YG Entertainment has defended the use of USB drive for G-Dragon's new album instead of a CD. Korea's Gaon Chart, managed by the Korea Music Content Association (KMCA), has announced that it will not count the sales of "Kwon Ji Yong" since the USB drive does not contain songs but only links to G-Dragon's album tracks.
The current regulation defines an album as songs "fixed in a concrete object," according to the YG blog, and "Kwon Ji Yong" will be released in the USB format on June 19.
According to YG Entertainment, the album was put in a USB format "to provide more diverse contents in addition to music."
"A regular CD is about 700 megabytes, and that is barely enough space for 20 songs. We can't even have a single high definition music video in the CD. G-DRAGON's USB album is four gigabytes. The USB is big enough to hold dozens of songs and high definition music videos. And it is the most portable device out of all other music storage devices," the agency explained.
It admitted that the USB does not contain songs but links.
"When you put the USB in a computer, you can follow the link and gain access to a website. The website provides not only music but also G-DRAGON's pictures and music videos, which can be downloaded to the USB until the end of this year," YG Entertainment explained.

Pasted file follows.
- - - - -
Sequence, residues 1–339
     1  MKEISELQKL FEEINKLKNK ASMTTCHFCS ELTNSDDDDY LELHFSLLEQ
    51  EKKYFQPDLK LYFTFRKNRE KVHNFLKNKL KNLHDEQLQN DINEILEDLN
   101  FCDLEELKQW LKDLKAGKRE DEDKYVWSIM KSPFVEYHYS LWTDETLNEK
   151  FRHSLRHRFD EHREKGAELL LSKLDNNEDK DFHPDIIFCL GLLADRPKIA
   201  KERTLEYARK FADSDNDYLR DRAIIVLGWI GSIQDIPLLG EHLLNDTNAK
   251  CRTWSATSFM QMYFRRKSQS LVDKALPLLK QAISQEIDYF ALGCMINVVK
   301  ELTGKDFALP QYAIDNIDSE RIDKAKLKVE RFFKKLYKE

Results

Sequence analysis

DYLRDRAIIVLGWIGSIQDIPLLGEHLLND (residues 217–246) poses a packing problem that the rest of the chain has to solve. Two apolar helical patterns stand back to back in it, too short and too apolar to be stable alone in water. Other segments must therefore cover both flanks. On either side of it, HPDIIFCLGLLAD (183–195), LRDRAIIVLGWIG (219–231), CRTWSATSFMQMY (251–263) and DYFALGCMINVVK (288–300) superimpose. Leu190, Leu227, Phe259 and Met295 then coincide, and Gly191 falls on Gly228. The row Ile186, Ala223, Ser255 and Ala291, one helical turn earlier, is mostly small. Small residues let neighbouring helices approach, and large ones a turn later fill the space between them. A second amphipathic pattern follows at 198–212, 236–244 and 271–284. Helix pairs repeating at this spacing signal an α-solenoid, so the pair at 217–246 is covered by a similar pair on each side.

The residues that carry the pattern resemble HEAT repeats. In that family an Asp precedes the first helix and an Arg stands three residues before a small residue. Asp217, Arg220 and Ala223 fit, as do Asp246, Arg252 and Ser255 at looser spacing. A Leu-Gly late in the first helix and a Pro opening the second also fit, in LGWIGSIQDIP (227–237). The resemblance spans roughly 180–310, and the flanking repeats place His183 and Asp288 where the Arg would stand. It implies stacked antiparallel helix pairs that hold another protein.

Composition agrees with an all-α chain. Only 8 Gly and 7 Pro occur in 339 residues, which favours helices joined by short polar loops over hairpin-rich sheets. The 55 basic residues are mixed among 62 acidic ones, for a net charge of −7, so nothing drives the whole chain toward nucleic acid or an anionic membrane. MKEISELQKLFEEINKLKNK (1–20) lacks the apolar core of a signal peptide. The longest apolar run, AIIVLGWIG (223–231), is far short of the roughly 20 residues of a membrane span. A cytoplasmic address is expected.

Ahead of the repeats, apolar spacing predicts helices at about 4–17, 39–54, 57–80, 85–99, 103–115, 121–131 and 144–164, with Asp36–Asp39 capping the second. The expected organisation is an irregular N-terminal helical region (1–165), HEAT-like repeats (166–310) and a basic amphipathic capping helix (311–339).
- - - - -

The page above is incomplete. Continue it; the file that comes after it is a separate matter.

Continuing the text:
The website will also provide the official music video for "Untitled," the title track in G-Dragon's album, as well as a different version with G-Dragon donning a different outfit and a behind-the-scenes video.
With Gaon not counting the USB album sales, it will affect G-Dragon's rankings on TV music shows.
But YG Entertainment said it "doesn't have complaints about the way Gaon compile data for its chart rankings."
"YG is more interested in new music and the new world. We think that the whole issue is a structural problem, those holding on to the old way of thinking and not being able to accept the changes that are happening right now," it added.
It said G-Dragon decided to use USB "to give more to his fans such as videos and pictures."
"So, it very difficult to understand why some people would want to confine music storage devices to only CDS. Even those in their seventies and eighties don't listen to music from CD players, and it's hard to find places to buy them. Most people use USBs or hard disk drives, and not CDs, to store data. Why does music have to be stored only in CDs? This doesn't make sense," the agency said.